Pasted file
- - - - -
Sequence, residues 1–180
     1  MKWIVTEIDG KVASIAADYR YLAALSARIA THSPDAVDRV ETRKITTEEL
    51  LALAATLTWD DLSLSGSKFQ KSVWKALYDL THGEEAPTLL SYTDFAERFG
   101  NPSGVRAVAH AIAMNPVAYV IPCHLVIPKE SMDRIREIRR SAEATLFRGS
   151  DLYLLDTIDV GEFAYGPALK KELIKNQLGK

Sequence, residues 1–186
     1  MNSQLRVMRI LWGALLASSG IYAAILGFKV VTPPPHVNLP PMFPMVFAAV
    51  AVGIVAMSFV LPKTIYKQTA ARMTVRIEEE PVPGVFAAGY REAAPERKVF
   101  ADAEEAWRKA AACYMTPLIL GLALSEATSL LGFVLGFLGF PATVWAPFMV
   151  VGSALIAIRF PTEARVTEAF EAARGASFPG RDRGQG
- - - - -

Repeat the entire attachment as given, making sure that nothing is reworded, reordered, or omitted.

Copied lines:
Sequence, residues 1–180
     1  MKWIVTEIDG KVASIAADYR YLAALSARIA THSPDAVDRV ETRKITTEEL
    51  LALAATLTWD DLSLSGSKFQ KSVWKALYDL THGEEAPTLL SYTDFAERFG
   101  NPSGVRAVAH AIAMNPVAYV IPCHLVIPKE SMDRIREIRR SAEATLFRGS
   151  DLYLLDTIDV GEFAYGPALK KELIKNQLGK

Sequence, residues 1–186
     1  MNSQLRVMRI LWGALLASSG IYAAILGFKV VTPPPHVNLP PMFPMVFAAV
    51  AVGIVAMSFV LPKTIYKQTA ARMTVRIEEE PVPGVFAAGY REAAPERKVF
   101  ADAEEAWRKA AACYMTPLIL GLALSEATSL LGFVLGFLGF PATVWAPFMV
   151  VGSALIAIRF PTEARVTEAF EAARGASFPG RDRGQG